Santa Monicans for Renters’ Rights, the single most influential political organization in town, ousted one of its original activists — and a member of more than 40 years — from the organization’s steering committee Sunday, citing real estate development as the primary issue. Note: An earlier version of this article identified Judy Abdo as a co-founder of SMRR. While she was active with the organization during its inception and during early election campaigns, she did not take on a formal leadership role in SMRR until after its founding.
Judy Abdo, a former SMRR council member, mayor, a long-time advocate for renters, and affordable housing supporter, found herself unseated from the powerful political group’s governing board.
Several of her fellow steering committee members and elected officials actively organized against her, inciting local anti-development activists to turn out in force to the organization’s steering committee election Sunday. They also actively opposed the candidacy of former Rent Control Board member Leslie Lambert, a long-time affordable housing advocate, Landmarks Commissioner, and SMRR supporter. As a result, both fell shy of the 50 percent threshold required to be elected — or reelected — to the steering committee.
The SMRR steering committee has, among other things, the power to choose which candidates the organization, with its strong brand and ample war chest, will support in the city’s local races, including City Council. For some candidates, especially those without the ability to self-finance, SMRR support can mean the difference between winning and losing.
SMRR co-chair and one of the organization’s founders Denny Zane, along with Mayor Kevin McKeown, and SMRR Steering Committee Member Michael Soloff — husband of Councilmember Sue Himmelrich — actively called on local anti-development activists, including Residocracy, to turn out to the meeting to vote down Abdo.
Abdo, a former member of the board at Santa Monica’s primary affordable housing developer, Community Corporation of Santa Monica (CCSM), has long been a supporter of smart growth and mixed-income housing in Santa Monica, especially favoring projects that add much-needed affordable housing to the city.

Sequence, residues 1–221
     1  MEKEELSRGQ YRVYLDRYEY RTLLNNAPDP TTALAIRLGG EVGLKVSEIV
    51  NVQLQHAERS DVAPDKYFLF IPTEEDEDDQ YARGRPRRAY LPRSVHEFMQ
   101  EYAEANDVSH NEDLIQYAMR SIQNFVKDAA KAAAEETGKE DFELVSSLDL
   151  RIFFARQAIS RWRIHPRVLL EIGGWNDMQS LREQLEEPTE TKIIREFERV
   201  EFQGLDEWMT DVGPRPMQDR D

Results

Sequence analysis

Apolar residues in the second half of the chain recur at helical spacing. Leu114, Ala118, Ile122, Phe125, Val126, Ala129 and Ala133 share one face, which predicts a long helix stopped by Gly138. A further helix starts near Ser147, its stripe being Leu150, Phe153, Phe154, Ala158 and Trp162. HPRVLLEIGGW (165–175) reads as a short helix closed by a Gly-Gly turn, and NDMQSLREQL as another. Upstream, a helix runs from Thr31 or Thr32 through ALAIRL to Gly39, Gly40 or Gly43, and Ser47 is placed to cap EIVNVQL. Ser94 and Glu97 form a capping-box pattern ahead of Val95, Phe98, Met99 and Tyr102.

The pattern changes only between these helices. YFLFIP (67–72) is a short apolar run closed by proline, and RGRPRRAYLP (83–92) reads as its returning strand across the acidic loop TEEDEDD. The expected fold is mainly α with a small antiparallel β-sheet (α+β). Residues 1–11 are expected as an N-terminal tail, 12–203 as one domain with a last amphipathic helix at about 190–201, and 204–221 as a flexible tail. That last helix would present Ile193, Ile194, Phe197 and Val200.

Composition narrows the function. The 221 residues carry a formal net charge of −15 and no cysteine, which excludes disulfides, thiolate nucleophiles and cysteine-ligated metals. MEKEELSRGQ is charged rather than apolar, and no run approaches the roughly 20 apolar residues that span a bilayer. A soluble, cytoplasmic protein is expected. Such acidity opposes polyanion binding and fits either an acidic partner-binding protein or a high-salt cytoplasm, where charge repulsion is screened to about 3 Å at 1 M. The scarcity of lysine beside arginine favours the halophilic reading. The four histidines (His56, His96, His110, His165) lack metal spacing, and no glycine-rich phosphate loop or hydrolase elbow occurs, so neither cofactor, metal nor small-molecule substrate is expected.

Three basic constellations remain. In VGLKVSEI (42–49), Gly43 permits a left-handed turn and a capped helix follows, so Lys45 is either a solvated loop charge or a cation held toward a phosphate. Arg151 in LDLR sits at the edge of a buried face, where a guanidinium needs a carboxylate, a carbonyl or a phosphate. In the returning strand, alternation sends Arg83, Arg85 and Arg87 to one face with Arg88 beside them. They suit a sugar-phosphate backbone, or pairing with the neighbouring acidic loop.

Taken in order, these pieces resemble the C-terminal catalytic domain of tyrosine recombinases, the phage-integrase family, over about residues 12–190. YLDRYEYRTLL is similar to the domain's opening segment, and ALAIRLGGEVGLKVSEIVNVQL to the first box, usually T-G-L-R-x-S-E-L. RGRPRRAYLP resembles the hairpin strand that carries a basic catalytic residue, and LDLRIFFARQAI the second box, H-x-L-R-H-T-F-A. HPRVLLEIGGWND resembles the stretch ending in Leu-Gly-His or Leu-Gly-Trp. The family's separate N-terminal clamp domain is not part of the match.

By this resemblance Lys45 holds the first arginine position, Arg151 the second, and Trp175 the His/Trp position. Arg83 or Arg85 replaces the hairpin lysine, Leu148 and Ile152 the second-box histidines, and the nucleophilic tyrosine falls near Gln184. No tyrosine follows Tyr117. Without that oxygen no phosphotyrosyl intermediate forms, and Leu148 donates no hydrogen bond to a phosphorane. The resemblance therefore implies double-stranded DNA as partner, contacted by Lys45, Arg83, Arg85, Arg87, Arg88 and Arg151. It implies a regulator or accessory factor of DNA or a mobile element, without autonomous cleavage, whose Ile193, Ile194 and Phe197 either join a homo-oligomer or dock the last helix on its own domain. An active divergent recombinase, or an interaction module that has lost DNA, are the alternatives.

Last month, Zane began a campaign to turn out anti-development activists to the organization’s November 1 steering committee election.
“Groups that support luxury hotels, market rate housing, and bigger development in Santa Monica are organizing, hoping to elect a pro-development SMRR steering committee,” Zane and co-chair Patricia Hoffman wrote in SMRR’s October membership newsletter, “Renters Write” [page 1, page 2, page 3, page 4].
Anti-development groups have actually been the most active in organizing to stack SMRR’s conventions, as they did last year during the organization’s nomination convention.
“The [Steering] Committee is important so we can mobilize quickly to maintain protections for tenants and protect the character of our City, such as our opposition to Hines,” the letter reads.
Zane led SMRR to oppose the proposed Bergamot Transit Village alongside Residocracy and Santa Monica Coalition for a Livable City (SMCLC) last year, ultimately scuttling plans for the mixed-use neighborhood that was planned for the former Papermate factory site directly across the street from the future Expo station at 26th Street.
SMRR’s joint victory with Residocracy and SMCLC led to the loss of hundreds of new housing units — including permanent affordable housing — and jobs on the transit-adjacent property, as well as tens of millions of dollars in public benefits that the Council had negotiated from the developer.
As about 270 voting SMRR members filed into Lincoln Auditorium Sunday afternoon, SMRR-backed elected officials handed out flyers touting the “slow growth” candidates running for the steering committee, a list that omitted Abdo’s name along with Lambert’s [PDF].
The so-called “slow growth” slate included all the other incumbent steering committee members, including McKeown’s wife, Genise Schnittman, Planning Commissioner Jennifer Kennedy, and Soloff, who was appointed to the steering committee several months ago after his wife was elected to the City Council. The list also included one candidate put up by the Unite Here Local 11, the regional hospitality workers’ union.
The flyer was endorsed by McKeown, Zane, Kennedy, Soloff, Himmelrich, and Rent Control Boardmember Nicole Phillis, a protege of Himmelrich who formerly worked as a lawyer at the firm Munger Tolles and Olson with Soloff.
Another flyer distributed by SMRR electeds to the membership directly targeted Abdo for supporting Frank Gruber for City Council in 2014.
Some political observers, who asked not to be named because they have relationships to the organization, have noted that Abdo’s ousting indicates that SMRR is taking increasingly extreme positions at the expense of even the slightest internal dissent. For many, that fact was reaffirmed by the opposition to Lambert’s candidacy, as well, despite her track record supporting rent control and low-income housing throughout the region.
Zane, who has also actively opposed SMRR’s support of formerly SMRR-endorsed elected officials like Pam O’Connor, also appears to be taking a more active role in promoting SMRR as a no-growth organization, despite his regional efforts promoting the expansion of L.A. County’s rail network and the necessary transit-adjacent growth necessary to support it.